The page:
Tag Archives: Susan Dennard

Writing a Saleable Book

10 Aug

by Susan Dennard

~~

Recently, someone asked me:

What is required to make a book saleable?

That is a rather large-in-scope question, and as such, I’m afraid my answer will be kinda vague. All the same, I thought it was worth taking the time to answer for everyone.

🙂

My super broad response is the:

The most important thing in writing a saleable book is writing a good book.

I am 100% convinced that if you have a well-written, compelling story, your novel will eventually find an agent/editor. Period.

That said, there are a few critical things that define a “good book”. Again, these answers are vague, and I’d be more than happy to get specific for anyone with questions (ask in the comments, please!).

Parts of a Good Book

1. First and foremost, the story absolutely most flow. Stilted dialogue, poor pacing, or unreadable grammar/syntax will kill a manuscript. A reader can put up with slow scenes if it all flows beautifully, and a reader can put up with a less-than-compelling plot if it’s smooth.

The way to ensure your novel flows is to revise-revise-revise. Learning to master the written word is absolutely critical. Few people write stunning first drafts, but give them a red pen, and they can line-edit their words into perfect prose.

2. Secondly, a book needs a compelling plot with tension on every page. The story builds, the tension builds, and everything ends in an explosive climax (and this applies to any genre—by explosive I simply mean all aspects of the story finally come together).

This is something you can learn by reading about writing, taking workshops, or simply reading heavily in the genre you write. There are structure to stories (three-act is the most common), and your job is to practice until these are second nature when you write/revise.

Again, my first drafts are rarely good examples of compelling plot, but I can revise them until they shine and all the subplots weave into the main plot.

3. Third, a book needs a cast of characters that readers care about. The best way to achieve this is to ensure the MC has a desperate need—secondary characters too. This is also something you have to learn by doing/practicing.

4. Fourth, the book must have high stakes. “High stakes” simply means we are invested in whether or not the MC achieves his/her goal. What will she lose if she fails to reach her goal? And why does that matter? A common reason a book fails to compel readers is low stakes—if we don’t care about the MC’s failure, we don’t care about reading the book.

Finding Problems

My biggest suggestion in terms of how to address these 4 components is to start critiquing and getting your work critiqued. Either find a critique partner, join a critique group, or stay active in a critiquing community. This is no doubt something everyone here already knows, but it’s so important (in my opinion) that I just have to emphasize it!

When you see others make mistakes, you learn to spot them in your own writing. Additionally, we, the writers, are often too close to our novels to see them “as a whole”. CPs and betas have the needed distance to spot problems

When I got an agent, Something Strange and Deadly had been through 4 crit partners and 2 betas. Did I always listen to my CPs’/betas’ comments? No—you must decide and filter feedback—but it was thanks to my CPs/betas that I caught some of my biggest mistakes (character inconsistencies, flat climax, plot holes, etc.).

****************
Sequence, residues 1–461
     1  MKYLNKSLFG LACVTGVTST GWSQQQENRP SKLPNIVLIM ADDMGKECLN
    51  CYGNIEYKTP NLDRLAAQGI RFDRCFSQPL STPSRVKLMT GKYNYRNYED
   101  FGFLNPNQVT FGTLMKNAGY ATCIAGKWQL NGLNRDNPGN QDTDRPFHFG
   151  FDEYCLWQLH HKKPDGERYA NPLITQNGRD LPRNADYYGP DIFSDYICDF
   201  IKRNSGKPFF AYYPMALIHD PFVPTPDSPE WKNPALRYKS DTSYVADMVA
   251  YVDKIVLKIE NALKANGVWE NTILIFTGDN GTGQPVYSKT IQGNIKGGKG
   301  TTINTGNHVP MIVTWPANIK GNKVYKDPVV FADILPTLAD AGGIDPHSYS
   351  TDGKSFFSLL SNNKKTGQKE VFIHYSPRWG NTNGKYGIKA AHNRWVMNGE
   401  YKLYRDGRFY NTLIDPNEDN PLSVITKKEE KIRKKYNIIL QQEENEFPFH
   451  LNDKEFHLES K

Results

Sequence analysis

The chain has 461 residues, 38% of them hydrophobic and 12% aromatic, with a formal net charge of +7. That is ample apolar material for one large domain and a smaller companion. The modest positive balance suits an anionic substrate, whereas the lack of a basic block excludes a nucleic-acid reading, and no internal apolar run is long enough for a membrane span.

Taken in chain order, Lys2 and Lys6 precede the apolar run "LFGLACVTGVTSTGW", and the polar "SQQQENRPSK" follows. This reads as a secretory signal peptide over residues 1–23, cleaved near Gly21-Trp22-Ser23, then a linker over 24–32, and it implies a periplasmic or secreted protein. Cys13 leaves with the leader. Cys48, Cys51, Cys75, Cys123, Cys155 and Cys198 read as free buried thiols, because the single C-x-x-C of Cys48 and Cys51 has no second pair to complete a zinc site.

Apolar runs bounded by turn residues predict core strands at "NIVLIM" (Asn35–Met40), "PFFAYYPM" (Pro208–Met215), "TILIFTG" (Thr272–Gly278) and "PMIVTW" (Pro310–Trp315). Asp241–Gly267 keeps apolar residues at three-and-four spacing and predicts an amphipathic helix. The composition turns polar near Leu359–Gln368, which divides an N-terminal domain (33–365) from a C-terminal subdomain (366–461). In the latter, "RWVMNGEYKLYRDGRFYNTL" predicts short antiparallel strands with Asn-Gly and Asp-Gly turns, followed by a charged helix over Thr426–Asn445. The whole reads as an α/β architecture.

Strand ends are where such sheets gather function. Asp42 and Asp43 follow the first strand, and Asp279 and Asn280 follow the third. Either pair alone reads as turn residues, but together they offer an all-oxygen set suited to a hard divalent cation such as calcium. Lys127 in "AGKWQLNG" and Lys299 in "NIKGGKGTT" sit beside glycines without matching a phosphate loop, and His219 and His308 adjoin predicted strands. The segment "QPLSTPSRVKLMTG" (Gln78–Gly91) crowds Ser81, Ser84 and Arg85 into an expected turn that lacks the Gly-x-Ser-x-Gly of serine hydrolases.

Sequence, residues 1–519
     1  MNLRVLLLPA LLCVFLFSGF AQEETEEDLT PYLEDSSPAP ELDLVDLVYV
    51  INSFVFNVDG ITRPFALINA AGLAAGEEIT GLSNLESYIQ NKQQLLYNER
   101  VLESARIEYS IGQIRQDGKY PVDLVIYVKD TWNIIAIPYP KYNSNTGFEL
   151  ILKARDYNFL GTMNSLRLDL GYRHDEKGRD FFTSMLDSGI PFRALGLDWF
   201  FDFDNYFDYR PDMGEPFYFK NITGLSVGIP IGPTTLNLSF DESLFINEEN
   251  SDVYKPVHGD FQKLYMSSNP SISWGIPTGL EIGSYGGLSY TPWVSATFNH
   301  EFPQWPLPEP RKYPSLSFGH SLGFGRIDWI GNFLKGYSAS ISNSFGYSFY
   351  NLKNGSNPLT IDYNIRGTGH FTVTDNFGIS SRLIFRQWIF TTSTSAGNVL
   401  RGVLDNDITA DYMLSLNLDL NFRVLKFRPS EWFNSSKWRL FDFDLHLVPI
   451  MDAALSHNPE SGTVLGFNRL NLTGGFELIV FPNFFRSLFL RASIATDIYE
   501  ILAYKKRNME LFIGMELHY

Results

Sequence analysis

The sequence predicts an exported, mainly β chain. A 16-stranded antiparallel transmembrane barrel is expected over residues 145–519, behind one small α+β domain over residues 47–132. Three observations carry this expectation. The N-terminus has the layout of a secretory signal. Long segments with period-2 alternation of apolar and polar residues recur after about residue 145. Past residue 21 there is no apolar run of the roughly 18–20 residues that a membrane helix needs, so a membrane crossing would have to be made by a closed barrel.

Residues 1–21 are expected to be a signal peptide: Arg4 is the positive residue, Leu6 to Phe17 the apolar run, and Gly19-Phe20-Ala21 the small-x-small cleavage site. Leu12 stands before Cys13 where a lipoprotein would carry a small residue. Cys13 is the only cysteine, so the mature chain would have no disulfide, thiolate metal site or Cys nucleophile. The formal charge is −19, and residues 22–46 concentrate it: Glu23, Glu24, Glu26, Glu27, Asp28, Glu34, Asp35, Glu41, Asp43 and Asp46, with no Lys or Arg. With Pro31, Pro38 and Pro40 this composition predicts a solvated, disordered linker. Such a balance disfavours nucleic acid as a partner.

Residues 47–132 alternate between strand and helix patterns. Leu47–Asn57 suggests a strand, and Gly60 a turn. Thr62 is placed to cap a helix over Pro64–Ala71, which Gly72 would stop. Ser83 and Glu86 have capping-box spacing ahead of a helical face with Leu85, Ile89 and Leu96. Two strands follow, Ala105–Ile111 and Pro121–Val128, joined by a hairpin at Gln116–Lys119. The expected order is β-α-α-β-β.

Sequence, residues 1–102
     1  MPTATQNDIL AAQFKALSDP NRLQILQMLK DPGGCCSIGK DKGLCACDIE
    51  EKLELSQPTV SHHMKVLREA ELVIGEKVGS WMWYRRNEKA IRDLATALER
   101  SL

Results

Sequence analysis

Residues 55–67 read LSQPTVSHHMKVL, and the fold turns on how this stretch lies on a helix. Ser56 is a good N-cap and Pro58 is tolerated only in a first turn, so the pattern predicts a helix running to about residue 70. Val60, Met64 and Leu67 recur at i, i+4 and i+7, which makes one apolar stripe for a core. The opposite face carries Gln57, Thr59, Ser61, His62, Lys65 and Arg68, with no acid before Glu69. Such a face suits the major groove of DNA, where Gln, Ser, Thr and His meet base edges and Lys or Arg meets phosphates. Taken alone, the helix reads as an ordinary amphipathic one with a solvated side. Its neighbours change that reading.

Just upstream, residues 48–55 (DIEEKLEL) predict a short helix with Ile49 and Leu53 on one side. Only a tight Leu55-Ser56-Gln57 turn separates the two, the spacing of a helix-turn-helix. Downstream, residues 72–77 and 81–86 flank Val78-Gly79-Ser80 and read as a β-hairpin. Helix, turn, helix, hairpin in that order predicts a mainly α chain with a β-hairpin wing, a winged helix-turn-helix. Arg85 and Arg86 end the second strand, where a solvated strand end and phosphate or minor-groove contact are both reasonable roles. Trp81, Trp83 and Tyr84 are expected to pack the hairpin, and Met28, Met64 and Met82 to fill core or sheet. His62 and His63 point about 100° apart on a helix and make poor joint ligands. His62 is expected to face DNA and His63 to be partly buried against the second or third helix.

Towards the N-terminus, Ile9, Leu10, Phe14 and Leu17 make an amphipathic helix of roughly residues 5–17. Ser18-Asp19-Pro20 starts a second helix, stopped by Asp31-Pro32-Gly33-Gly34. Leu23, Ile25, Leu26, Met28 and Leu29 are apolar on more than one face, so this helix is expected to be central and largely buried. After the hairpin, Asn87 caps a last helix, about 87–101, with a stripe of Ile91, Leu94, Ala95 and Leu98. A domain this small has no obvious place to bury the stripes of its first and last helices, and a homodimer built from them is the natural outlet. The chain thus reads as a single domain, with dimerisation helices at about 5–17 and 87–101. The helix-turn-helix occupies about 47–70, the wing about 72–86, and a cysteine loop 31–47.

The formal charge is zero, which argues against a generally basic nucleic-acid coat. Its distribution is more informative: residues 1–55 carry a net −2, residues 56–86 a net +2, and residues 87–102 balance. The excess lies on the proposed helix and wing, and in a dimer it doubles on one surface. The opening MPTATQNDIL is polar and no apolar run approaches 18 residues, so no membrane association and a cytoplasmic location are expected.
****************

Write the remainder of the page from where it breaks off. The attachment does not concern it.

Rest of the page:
What do you think? Are there any other components you think a saleable book needs? And how do you feel about critique partners or beta readers?

~~

Susan Dennard is a writer, reader, lover of animals, and eater of cookies. She is repped by Sara Kendall of NCLit, and her debut, SOMETHING STRANGE AND DEADLY, will be available from Harper Children’s in 2012. You can learn more about her on her blog or twitter.

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Victory Fist Pump!

20 Jul

 

by Susan Dennard

~~

So, the first round of the Nautilus Writing Workshop Writing for Young Adults came to a close last week. Sarah and I hope (and think!) our six diligent students learned a lot, but there’s one thing I’m absolutely certain they all came away with. I know it because I came away with it.

And that is this:

One of the most important pieces of your writing life is TO TALK about it with other writers.

This same maxim applies to other crafts–interior design, knitting, water colors, whatever. There’s really nothing that will motivate you to work, stimulate your creativity, or make you smile quite like talking about your art.

From sharing your experiences and dreams to discussing your toolbox to bemoaning your frustrations–you’ve just GOTTA talk about this stuff. But more importantly, you need to talk about it with someone who knows what the heck you mean.

It’s one thing to have your idea-bouncer-offer-person–someone I do believe we all need in our creative lives–but it’s quite another to have your writing buddy who knows the terms, the trials, and the terror.

So I’m coining a new phrase.

Victory Fist Pump Buddy: a person who is also a writer, and therefore knows just how freaking hard this whole writing biz can be. This person is qualified to Fist Pump over your victories and share a tissue over the roadblocks. This person actually knows what it takes.

I mean, we all know how it feels when you see that dude at the supermarket…

DUDE

Oh, so you’re a writer?

YOU

(proudly)

Yeah, I just finished my first novel.

DUDE

Awesome! When’s it come out?

YOU

(uncomfortably)

Um, well…it doesn’t quite work that way.

Or how about this conversation?

YOU

I just got an agent! Oh my gosh, this is the happiest moment of my life!

DUDE

(staring stupidly)

Why? Aren’t you the one that hires them?

YOU

No. It’s a really competitive thing–like, thousands of writers all have to send query letters and… Oh, what’s the point. Forget it